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Clin Infect Dis. 2001 Sep 15;33 Suppl 3:S161-9.

Minimizing potential resistance: a population dynamics view.

Author information

1
Department of Biology, Emory University, Atlanta, GA 30322, USA. blevin@emory.edu

Abstract

I examine the results of studies that used mathematical models of the epidemiology and population genetics of antibiotic treatment and resistance in open communities and in hospitals to explore the following issues: the relationship between antibiotic consumption and the frequency of antibiotic resistance in bacterial populations in communities and in hospitals; methods of controlling the growth, dissemination, and persistence of antibiotic resistance in these settings; the extent to which resistance can be controlled; and the speed with which the effects of control measures will be realized. In open communities, it will take years or even decades to see substantial reductions in the frequency of antibiotic resistance solely as a result of more prudent (reduced) use of antibiotics. However, if we can restrict the input of resistant bacteria into hospitals, through the application of infection control and other measures, it should be possible to reduce the frequency of resistance and even eliminate resistant bacteria from these institutions in short order.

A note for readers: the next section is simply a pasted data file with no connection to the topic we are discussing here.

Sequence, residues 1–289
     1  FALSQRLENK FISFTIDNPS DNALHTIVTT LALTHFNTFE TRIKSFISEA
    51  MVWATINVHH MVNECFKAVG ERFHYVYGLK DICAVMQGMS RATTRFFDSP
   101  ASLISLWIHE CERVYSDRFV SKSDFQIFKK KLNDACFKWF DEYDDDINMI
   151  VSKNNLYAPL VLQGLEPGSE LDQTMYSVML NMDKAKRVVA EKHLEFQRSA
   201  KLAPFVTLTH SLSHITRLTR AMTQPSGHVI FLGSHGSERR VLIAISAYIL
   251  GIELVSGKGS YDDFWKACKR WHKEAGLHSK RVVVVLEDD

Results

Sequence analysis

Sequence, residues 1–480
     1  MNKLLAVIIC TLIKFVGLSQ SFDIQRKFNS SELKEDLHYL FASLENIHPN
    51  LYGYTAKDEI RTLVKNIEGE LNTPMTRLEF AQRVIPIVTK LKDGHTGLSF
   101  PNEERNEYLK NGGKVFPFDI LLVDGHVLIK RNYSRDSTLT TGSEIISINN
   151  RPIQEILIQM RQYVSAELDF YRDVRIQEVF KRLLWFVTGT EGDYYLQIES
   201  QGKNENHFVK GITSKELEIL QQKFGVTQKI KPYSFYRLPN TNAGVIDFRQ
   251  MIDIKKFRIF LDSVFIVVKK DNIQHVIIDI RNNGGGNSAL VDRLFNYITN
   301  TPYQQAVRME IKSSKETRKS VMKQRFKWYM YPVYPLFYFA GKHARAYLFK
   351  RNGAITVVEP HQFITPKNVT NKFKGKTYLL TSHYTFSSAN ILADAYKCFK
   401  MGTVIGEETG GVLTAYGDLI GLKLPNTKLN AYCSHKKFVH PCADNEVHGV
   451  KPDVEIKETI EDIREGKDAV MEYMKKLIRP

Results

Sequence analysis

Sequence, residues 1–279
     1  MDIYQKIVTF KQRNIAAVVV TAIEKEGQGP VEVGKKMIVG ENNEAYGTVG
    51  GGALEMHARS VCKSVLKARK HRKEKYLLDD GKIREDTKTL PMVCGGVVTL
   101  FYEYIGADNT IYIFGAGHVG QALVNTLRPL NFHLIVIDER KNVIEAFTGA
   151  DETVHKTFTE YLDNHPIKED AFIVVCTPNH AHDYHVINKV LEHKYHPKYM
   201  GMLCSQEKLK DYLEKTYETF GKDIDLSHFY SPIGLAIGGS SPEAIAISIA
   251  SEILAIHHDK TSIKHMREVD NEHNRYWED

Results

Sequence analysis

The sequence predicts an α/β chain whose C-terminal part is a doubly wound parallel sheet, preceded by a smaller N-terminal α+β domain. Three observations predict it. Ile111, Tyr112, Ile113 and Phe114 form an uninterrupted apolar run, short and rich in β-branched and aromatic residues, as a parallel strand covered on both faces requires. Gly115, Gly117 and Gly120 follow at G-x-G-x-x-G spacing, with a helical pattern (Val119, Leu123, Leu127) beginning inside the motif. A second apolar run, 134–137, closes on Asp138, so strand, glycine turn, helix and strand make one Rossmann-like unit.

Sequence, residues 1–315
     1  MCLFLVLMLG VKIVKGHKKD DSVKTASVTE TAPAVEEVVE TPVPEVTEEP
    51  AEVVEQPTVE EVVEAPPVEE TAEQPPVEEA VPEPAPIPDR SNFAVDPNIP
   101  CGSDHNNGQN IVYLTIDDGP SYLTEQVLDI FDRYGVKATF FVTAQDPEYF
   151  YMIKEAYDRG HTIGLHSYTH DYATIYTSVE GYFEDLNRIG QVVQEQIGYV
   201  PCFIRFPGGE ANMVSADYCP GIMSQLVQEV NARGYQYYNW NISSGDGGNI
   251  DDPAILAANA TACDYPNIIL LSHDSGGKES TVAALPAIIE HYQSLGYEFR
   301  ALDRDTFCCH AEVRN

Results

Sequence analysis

PMID:
11524714
DOI:
10.1086/321843
[Indexed for MEDLINE]

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